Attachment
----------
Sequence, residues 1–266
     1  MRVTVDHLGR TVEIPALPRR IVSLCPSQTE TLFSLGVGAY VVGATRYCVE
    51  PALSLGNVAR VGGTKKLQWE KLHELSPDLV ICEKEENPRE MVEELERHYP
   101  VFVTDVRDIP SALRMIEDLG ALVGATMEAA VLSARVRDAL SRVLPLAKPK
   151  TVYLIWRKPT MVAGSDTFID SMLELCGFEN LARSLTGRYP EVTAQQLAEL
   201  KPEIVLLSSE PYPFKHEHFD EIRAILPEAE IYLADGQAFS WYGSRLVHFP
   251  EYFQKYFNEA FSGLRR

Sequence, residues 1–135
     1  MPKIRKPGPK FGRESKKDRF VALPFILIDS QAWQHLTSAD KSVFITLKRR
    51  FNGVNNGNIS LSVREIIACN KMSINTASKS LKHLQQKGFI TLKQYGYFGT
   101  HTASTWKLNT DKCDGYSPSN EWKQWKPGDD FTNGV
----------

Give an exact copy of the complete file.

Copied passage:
Sequence, residues 1–266
     1  MRVTVDHLGR TVEIPALPRR IVSLCPSQTE TLFSLGVGAY VVGATRYCVE
    51  PALSLGNVAR VGGTKKLQWE KLHELSPDLV ICEKEENPRE MVEELERHYP
   101  VFVTDVRDIP SALRMIEDLG ALVGATMEAA VLSARVRDAL SRVLPLAKPK
   151  TVYLIWRKPT MVAGSDTFID SMLELCGFEN LARSLTGRYP EVTAQQLAEL
   201  KPEIVLLSSE PYPFKHEHFD EIRAILPEAE IYLADGQAFS WYGSRLVHFP
   251  EYFQKYFNEA FSGLRR

Sequence, residues 1–135
     1  MPKIRKPGPK FGRESKKDRF VALPFILIDS QAWQHLTSAD KSVFITLKRR
    51  FNGVNNGNIS LSVREIIACN KMSINTASKS LKHLQQKGFI TLKQYGYFGT
   101  HTASTWKLNT DKCDGYSPSN EWKQWKPGDD FTNGV